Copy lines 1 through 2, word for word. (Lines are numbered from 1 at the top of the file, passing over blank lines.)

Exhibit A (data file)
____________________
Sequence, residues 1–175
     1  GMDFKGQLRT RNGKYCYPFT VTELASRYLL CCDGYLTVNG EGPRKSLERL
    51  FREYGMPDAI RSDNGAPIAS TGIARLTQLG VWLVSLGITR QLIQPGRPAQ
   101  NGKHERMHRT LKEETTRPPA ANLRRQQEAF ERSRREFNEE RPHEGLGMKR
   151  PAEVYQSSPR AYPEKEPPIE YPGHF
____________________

Sequence, residues 1–175
     1  GMDFKGQLRT RNGKYCYPFT VTELASRYLL CCDGYLTVNG EGPRKSLERL